That joke pretty much sums up the differences between Moscow and St. Petersburg.
I got home pretty late, but luckily, a nice, juicy steak and frites had been prepared for me. I ate with quite some satisfaction, having only had some local snacks during the day. I was a bit surprised, considering that not Mark, the Belgian, but his Russian wife had prepared dinner.
Only later I learned they almost always ate Belgian grub.
During dinner, I made it known that I had planned to go out, stroll around town a bit for the rest of the night. I invited Mark to join. He friendly declined, but the most terrible horror stories where thrown over the table. Newly recruited Mafiosi, when entering the 'company' had to shoot an unlucky individual on the streets for themselves to be accepted. Both Marc and Anya had been harassed multiple times and Marc even had to spend a couple of nights in jail once. I seemed to have an interesting night ahead of me. I was now determined to go out.
My first stop was going to be an Irish pub near by. The Planet recommended the place, saying that it was one of the major expat gathering places. It turned out to be empty and, after being able to down one pint, they closed at twelve. I left and went on to Red Square. I figured that somewhere around the Kremlin, there would be some location where youngsters where to hang out.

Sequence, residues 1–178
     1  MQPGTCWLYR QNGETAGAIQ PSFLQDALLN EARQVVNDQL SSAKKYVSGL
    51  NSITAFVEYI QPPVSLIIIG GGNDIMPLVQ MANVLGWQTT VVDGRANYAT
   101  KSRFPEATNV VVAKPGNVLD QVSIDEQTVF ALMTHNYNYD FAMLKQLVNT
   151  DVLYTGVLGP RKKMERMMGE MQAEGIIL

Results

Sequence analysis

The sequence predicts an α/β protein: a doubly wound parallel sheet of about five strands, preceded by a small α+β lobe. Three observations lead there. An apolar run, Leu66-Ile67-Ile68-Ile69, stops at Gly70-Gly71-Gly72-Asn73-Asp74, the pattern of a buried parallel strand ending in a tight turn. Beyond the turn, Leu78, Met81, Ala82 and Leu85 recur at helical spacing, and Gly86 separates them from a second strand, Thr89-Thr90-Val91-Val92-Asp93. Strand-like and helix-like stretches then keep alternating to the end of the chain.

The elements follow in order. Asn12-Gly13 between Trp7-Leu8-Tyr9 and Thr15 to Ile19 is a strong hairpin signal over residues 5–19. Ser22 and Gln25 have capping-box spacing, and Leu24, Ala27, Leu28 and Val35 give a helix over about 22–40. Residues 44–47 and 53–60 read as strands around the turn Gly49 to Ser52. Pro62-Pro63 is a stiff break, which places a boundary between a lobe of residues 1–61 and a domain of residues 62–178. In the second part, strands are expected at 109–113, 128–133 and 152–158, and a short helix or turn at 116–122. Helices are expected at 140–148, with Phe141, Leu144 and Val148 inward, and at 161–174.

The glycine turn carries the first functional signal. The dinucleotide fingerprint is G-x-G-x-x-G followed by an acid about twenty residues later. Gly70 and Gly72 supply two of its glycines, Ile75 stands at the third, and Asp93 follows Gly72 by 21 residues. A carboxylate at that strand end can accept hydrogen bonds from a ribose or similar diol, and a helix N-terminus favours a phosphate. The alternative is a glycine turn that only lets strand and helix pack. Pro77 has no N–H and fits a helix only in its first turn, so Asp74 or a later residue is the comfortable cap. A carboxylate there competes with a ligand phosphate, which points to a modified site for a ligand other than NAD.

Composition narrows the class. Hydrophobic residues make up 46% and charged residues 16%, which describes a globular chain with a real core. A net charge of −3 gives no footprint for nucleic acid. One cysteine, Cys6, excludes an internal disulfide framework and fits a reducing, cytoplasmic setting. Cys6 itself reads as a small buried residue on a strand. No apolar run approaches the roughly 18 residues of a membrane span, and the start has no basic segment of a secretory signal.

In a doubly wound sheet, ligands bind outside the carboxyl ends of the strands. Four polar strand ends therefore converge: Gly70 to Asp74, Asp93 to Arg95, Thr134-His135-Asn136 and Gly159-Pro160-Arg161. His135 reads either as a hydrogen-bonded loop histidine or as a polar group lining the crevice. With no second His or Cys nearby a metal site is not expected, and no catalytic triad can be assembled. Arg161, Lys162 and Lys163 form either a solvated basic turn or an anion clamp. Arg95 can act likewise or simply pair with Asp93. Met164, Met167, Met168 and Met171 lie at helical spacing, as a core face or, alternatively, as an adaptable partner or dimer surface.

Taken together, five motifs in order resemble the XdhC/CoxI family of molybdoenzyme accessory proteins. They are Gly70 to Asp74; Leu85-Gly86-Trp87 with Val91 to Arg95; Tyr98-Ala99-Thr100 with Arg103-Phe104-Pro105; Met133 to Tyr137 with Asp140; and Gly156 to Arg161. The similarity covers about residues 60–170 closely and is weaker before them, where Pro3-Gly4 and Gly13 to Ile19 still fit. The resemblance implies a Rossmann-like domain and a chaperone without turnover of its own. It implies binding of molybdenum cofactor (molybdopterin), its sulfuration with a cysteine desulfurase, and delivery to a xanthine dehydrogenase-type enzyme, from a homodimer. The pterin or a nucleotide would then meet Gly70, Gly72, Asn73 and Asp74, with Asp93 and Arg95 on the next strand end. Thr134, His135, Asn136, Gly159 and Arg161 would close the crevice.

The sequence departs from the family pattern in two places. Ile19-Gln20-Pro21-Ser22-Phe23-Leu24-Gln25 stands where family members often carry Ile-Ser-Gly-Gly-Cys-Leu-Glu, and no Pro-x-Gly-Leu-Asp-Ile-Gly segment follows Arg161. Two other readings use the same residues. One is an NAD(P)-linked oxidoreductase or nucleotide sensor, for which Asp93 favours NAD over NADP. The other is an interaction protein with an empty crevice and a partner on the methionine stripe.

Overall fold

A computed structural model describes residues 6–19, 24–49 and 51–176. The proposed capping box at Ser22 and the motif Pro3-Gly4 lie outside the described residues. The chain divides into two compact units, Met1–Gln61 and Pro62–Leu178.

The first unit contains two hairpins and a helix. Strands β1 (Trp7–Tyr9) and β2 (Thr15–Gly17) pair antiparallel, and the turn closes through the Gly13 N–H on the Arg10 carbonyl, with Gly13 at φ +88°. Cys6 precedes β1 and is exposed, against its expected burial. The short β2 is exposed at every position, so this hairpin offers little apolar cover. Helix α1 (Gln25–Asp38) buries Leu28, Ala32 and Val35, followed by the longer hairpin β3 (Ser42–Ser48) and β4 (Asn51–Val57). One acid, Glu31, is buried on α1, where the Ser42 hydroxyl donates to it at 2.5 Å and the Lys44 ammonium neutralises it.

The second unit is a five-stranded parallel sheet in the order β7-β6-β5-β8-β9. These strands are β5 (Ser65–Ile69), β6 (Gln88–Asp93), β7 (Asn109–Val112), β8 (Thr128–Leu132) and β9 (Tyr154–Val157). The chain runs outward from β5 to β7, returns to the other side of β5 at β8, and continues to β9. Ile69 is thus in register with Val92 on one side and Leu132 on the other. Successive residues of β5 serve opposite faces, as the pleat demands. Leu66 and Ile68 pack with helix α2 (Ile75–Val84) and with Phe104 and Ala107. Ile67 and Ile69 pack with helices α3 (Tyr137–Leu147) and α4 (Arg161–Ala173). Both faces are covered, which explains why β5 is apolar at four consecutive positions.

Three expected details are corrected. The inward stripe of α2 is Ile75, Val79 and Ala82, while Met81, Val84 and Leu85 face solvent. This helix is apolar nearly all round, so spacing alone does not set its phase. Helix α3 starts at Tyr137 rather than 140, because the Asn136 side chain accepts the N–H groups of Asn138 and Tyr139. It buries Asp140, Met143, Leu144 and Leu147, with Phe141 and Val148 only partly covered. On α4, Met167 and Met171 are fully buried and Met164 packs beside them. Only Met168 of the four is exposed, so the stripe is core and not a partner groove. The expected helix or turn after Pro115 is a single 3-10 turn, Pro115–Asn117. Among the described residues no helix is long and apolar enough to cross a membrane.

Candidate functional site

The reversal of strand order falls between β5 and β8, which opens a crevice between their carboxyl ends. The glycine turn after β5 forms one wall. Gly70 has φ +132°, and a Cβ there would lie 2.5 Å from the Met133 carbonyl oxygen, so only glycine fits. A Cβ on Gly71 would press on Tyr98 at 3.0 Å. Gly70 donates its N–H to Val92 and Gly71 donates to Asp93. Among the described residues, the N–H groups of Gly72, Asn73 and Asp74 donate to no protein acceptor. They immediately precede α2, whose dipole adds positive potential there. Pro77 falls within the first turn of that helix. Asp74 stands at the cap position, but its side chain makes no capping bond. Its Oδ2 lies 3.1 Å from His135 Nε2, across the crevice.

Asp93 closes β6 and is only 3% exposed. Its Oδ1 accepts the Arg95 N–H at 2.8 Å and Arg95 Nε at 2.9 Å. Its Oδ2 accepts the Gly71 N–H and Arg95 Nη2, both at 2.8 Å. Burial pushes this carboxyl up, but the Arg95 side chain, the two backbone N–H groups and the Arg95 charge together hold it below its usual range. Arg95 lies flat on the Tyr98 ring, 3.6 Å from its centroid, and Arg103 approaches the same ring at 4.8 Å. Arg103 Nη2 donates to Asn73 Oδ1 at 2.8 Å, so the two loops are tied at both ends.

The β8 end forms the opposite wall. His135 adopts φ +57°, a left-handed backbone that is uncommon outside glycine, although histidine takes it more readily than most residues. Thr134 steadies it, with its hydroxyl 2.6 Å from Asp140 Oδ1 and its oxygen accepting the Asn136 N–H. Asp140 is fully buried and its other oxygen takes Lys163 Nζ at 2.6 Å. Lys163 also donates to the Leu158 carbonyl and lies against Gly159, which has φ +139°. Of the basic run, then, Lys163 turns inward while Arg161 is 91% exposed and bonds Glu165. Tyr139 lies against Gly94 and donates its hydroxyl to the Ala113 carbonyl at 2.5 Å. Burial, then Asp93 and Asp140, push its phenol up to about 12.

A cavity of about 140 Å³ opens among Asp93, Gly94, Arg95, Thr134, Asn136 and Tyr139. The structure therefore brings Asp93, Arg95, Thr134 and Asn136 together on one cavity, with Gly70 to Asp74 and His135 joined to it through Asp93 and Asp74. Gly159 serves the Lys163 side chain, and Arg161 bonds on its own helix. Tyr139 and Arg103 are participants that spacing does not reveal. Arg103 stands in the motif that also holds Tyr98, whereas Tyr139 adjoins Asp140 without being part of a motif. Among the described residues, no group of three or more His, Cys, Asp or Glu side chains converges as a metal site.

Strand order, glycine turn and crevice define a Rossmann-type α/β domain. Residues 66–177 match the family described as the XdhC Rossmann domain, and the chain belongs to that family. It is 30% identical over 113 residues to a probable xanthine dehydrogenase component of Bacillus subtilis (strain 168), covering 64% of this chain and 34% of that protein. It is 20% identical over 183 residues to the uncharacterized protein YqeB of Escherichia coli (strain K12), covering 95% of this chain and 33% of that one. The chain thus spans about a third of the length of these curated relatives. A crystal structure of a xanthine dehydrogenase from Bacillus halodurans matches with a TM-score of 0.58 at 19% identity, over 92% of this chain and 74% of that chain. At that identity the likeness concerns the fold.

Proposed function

Directly next to western side of the Kremlin, there is a park. I started at the south side of that park and, gradually moving northwards, the park became more and more crowded. Young couples kissing on benches, youngsters sharing beer. I figured I was going in the right direction. And yes, on the north-western corner, a whole horde of young ones had grouped together. Sitting in small groups, they seemed to just 'hang out' as young people have a tendency to do, especially when the weather is good.
The place was like a small open space, between benches and hedges. People where moving from one group to another and almost everyone was talking, where only some where drinking. I sat down on one of the sides, and to my happy surprise, almost immediately, two girls started talking to me. One was very drunk, which didn't really help the fact that she only spoke Russian. However, when she kept on insisting '50 dollars', I started to get an idea on what was happening. Meanwhile, a very nice looking third girl, with a long white dress and large eyes had started walking small circles just in front of me.
I started talking to the only other man in my surroundings. An older guy from Finland, who had lived and worked in the former Soviet Union for over 20 years. He said he loved it, and then pointed out to me that all woman around us where ladies of the night. By then, I had no problem believing that. But then he went on. He said that tonight wasn't a really 'good' night. If I was lucky, I was going to see something much more interesting.